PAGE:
Any student in their rightful mind would cash out on the opportunity to go abroad and take a light semester to enjoy their experience in another country by partying, traveling and eating exotic food. Well, so did I.
But, I wanted to do a little more and challenge myself in another country.
My parents are one of my biggest inspirations, and if they can make an opportunity out of nothing than I could too.
Watching my parents struggle in supporting their four children in a place that made it hard to feel welcomed led me to question the fundamentals of society and life in general. I felt the world come down on me. The place I grew up to love wasn’t as glorifying and trustworthy as I thought, but I knew there was still hope. My parents immigrated to the United States from Mexico and have been trying to make a living ever since. Even though they never made it past grade school, they push learning and education on us to help us achieve a better life than they can ever dream of.
I hope the saying “the good things in life don’t come easy” is true because my undergrad years haven’t been a walk in the park. I’ve been jumping at every opportunity that has come my way to better myself, those around me and local communities. One of the many opportunities I have come across was the opportunity to study in Santiago, Chile. Little did I know that I was going to fight an uphill battle with barriers to jump over and hoops to go through.
A few of those barriers were dealing with my upper-division classes. The unpleasant thing about my majoring in International Business is that I have to take classes like the Fundamentals of Finance and International Business Finance. It’s possible, but not easy.
I thought my classes would be the hardest thing to deal with. The semester before going abroad, I had to handle my schoolwork and make sure I maintained my GPA. If it dropped by even .01, I wouldn’t be able to study abroad and would also need to change my major. Plus, I had to apply for my student VISA and pass the exam to get into my second major (Journalism) so I wouldn’t have to worry about it in my return.
In the meantime, I was involved in a few student organizations; two were in relation to my majors and another was a fraternity. I was promoted to Director of Internal Expansion and president for my fraternity the semester before, not to mention I was working a part-time job.
My first instinct was to drop one of the positions, but I understood that the fraternity was going into a downfall with most of our older members graduating. It was a lot to handle, but I made sure that they knew that I was going to have a busy semester and wouldn’t be able to handle it all by myself without their support.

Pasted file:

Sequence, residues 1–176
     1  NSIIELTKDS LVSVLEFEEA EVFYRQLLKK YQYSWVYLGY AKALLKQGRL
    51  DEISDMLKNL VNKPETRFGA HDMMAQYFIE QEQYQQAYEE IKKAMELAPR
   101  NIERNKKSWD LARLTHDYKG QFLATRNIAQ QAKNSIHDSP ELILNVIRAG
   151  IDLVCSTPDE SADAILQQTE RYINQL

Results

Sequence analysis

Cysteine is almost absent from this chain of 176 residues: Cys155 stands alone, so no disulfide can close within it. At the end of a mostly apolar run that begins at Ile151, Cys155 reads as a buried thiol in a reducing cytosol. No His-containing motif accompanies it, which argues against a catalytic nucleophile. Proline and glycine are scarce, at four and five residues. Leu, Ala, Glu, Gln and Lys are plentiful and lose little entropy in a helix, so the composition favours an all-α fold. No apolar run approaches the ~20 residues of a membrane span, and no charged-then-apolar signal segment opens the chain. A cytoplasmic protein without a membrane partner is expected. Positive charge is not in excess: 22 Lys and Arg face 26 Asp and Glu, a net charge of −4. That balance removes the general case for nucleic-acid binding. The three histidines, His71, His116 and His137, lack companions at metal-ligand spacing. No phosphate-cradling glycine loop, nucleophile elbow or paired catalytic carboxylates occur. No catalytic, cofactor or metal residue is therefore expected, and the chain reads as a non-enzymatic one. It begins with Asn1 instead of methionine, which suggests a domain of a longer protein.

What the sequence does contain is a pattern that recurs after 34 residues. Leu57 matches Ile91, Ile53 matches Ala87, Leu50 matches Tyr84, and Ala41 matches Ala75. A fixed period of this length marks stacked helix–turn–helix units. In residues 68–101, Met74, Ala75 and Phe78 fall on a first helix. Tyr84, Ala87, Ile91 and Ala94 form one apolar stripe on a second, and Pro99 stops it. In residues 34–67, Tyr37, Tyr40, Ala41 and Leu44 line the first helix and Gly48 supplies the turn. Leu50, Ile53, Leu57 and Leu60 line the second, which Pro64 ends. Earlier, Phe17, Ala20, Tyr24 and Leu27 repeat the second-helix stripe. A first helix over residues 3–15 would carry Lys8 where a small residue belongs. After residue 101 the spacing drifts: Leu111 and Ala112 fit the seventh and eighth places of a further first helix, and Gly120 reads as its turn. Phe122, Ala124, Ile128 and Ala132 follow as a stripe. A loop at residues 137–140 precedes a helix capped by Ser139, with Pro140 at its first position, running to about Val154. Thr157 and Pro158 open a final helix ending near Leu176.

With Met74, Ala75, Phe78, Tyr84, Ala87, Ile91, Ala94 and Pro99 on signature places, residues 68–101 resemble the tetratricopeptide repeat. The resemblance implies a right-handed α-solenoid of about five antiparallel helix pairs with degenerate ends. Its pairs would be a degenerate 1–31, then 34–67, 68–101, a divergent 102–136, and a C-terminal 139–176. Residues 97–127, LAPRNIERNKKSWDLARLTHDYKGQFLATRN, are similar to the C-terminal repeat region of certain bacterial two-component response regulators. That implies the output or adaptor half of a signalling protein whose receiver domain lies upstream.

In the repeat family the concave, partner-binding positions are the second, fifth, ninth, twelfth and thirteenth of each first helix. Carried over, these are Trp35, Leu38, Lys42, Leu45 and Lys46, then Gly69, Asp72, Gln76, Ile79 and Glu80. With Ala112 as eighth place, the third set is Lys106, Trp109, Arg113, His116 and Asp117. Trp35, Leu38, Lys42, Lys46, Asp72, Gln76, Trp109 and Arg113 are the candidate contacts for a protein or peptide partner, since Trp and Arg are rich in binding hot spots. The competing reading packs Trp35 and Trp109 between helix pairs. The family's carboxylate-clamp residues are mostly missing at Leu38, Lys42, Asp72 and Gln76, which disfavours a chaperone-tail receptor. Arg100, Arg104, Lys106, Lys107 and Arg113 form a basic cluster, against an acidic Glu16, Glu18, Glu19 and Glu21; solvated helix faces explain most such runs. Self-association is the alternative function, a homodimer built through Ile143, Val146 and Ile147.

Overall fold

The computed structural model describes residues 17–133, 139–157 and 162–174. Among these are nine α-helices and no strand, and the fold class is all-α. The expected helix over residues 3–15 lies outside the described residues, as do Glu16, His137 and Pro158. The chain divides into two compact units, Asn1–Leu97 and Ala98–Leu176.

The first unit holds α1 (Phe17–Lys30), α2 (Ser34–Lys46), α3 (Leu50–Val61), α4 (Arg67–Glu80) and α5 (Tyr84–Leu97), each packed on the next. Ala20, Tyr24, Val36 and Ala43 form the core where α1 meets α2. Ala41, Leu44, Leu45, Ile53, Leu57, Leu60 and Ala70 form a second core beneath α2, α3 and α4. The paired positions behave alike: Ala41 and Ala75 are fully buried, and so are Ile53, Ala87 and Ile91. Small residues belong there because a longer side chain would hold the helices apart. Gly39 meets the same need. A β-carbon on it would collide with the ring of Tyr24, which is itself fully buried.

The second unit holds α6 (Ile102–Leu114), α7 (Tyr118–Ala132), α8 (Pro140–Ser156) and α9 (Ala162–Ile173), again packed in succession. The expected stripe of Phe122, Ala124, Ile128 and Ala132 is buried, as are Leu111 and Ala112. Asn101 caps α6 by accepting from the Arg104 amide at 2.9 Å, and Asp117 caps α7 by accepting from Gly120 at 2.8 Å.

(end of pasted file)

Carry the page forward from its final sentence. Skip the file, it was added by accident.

Since I was going abroad, I decided to move back home for my Fall semester so I could save money to pay for my expenses and have extra spending money to travel overseas. After three years on my own, coming back to a traditional Mexican family was difficult. On top of struggling to make everything fit on my plate, I had responsibilities at home. I needed to help my parents around the house, handle their finances and translate documents from English to Spanish whenever they couldn’t understand.
With proper planning and preparation, I survived the semester. My grandfather passing away made it more difficult, but I made sure to push through all the adversity. It required late nights where I would ride home around 3 a.m. in the rain and cold. There were times where I couldn’t control my body from shivering so much that my steering would move out of control. For safety reasons, I’d slow down and find a safe place to pull over. I’d do jumping jacks to warm-up my body before continuing on my way.
Ultimately, I made it abroad. My hard work and sacrifices paid off, plus they gave me a far better reward than I could have ever dreamed of. It was the most amazing experience of my life. Having the opportunity to travel to a completely different country, live like a local student and go through similar experiences was thrilling and eye-opening.
After not being able to crash challenging courses like Economia Financiera and Comercio International, I took courses like Contemporary Latin American Marketing Strategies and Starting Up In Latin America. These courses gave me a wider picture of the world of business both globally and locally. I was challenged by going into the city to chat with locals to understand their daily lives better and see what daily challenges they face to create a business idea and go through the early stages of development.
One of my professors had connections and took exchange students into a business incubator to see how they worked. Another great experience was being able to watch a local rap battle hosted on campus for the semi-final round. Not to mention that the best food in Santiago was Peruvian food. Local food was good, but some plates were bland. Coming from a Mexican background, I love my herbs and spices, especially some good salsa. Surprisingly, there was no chile in Chile. I managed to survive off Tabasco sauce because that was the best they had.